Student loans are a big kick in the face that the real world has arrived. In this post we’re going to tell you how to pay off student loans without even having to think about it.
The average graduate has $28,950 in student loan debt. (That number is even higher for students who went to private or for-profit colleges.)
If you’re looking ahead to college, you can save money and reduce debt with financial aid and scholarships.
For those of us who already have nearly $30,000+ of student loans hanging over our shoulders, we can create a plan to handle it — and not ignore investing and saving for retirement at the same time.
In the short video below, I answered this exact question:
“I’m 30, my student debt amount is just below the amount of my annual salary (5.375% interest). Should I be trying to eliminate this debt at all costs or continuing to save for retirement, emergency, living life, and pay off debt equally?”
There are three potential answers to Chris’s question about student loans:
- The mathematical answer is to put your money where it will have the biggest impact. If your student loan interest rate is lower than the interest rate you can expect from investing, pay the minimum on the debt each month and invest the rest.
- The emotional answer is that for many people, they hate having debt of any kind, so even if they’re paying off low-interest debt, it still makes sense for them.
- The hybrid approach is to split the difference: Pay off some of the debt and invest some. A nice compromise.
Many people scoff at the emotional or hybrid solutions, not understanding that personal finance is about more than simple math. But the blunt truth is, psychology and emotions play a huge role in money. If they didn’t, we’d all spend less than we earned and construct a perfect asset allocation.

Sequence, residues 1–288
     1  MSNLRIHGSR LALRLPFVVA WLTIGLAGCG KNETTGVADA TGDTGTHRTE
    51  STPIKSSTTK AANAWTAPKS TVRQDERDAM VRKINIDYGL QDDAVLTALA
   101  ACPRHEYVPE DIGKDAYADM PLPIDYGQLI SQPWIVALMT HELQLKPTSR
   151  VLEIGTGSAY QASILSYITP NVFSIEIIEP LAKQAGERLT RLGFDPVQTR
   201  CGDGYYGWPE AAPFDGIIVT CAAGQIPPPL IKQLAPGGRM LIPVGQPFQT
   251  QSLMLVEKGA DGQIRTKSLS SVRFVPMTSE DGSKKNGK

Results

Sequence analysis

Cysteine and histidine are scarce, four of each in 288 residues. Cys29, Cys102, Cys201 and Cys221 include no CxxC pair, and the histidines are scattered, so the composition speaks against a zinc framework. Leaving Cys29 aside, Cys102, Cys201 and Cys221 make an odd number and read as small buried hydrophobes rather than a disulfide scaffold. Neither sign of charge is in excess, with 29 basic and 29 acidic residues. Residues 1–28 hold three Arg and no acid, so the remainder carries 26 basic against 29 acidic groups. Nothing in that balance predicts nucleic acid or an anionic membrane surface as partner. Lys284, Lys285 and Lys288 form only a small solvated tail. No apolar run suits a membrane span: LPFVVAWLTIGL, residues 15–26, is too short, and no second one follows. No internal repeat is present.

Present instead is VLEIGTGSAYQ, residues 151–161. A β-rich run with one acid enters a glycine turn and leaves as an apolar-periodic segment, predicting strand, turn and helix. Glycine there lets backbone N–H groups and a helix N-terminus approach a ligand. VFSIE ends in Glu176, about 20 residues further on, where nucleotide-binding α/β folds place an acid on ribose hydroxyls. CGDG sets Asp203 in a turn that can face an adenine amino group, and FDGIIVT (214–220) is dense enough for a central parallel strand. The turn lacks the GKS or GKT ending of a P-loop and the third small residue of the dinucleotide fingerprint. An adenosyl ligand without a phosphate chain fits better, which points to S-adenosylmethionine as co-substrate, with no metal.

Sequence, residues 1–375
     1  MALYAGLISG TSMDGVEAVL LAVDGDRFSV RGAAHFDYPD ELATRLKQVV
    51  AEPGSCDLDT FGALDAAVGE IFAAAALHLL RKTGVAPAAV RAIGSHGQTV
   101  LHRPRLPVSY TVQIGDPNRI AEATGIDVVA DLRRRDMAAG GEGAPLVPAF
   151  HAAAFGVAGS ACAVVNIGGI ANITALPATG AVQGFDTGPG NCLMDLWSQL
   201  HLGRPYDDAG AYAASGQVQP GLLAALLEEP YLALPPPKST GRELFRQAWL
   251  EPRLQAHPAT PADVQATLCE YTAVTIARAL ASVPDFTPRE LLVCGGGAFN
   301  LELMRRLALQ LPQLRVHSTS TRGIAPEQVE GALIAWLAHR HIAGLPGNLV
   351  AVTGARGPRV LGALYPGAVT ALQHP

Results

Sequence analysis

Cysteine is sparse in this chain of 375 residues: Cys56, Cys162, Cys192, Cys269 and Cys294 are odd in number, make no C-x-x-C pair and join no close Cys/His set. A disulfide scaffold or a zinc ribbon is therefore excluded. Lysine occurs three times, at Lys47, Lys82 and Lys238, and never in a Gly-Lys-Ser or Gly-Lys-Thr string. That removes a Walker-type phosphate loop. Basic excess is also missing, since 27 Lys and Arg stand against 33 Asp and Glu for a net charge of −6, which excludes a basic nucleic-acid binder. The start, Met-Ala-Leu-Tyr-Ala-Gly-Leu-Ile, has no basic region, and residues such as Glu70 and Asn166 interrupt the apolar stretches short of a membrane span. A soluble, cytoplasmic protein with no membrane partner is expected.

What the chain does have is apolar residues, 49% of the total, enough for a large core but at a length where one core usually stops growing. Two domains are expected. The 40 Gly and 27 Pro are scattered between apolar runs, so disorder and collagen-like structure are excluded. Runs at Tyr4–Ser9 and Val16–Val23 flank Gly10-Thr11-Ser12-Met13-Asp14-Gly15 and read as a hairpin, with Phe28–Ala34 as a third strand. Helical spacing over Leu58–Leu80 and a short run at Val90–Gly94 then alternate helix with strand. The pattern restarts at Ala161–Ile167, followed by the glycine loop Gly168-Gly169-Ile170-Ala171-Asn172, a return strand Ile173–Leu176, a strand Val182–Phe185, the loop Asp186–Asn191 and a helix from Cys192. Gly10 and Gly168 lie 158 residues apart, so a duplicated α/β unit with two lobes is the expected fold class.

If you feel strongly about the mathematical or emotional answer, your answer is clear. For everyone else — which turns out to be most of us — I suggest a hybrid approach.
Surprisingly, the most important step isn’t finding the optimal balance between paying off debt and investing. It’s automating your money so you don’t have to think about either. Six months from now, you’ll be shocked at how much you’ve paid off and invested.
How you can pay off debt with less pain
Because loans are usually large amounts of money spread out over many years, the savings can be significant by paying off a little extra each month. The longer the loan, the more you save.
Let’s say you have a $10,000 student loan at a 6.8% interest rate with a 10-year repayment period. If you go with the standard monthly payment, you’ll pay around $115 a month. But look at how much you’ll save in interest if you just pay $100 more each month:
Remember, even $20 more per month can save you SIGNIFICANT amounts of money.
Previously I wrote “You have $100 extra per month. Should you pay off your mortgage early or invest?” and linked to two great articles for the answer. The point is, if you can contribute even a small amount per month — whether to investments or any loans — the benefits can be huge.
Now, we all “know” paying off debt is important. We say being financially responsible is a “value” of ours. So why don’t we do it?
Why it’s so hard to pay off student loans
How often have you heard (or said) this?
- “If I just try harder, I should be able to pay off my student loans…”
- “Yeah, I know I should pay more than the minimum each month…”
- “I spent way too much last month. I’m not going out at all this month”
If you think personal finance is about trying harder, ask yourself: How has that worked for you in the last month? The last year? Have you really saved more? Invested more?
The idea that personal finance is about willpower is based around the heroic idea that our willpower is the most centrally important driver in our lives. But social psychologists know that the situation around us is at least as important as our personality.
In short, the structures around us matter. You can set up systems today that will take the emotional and psychological discomfort out of the equation.
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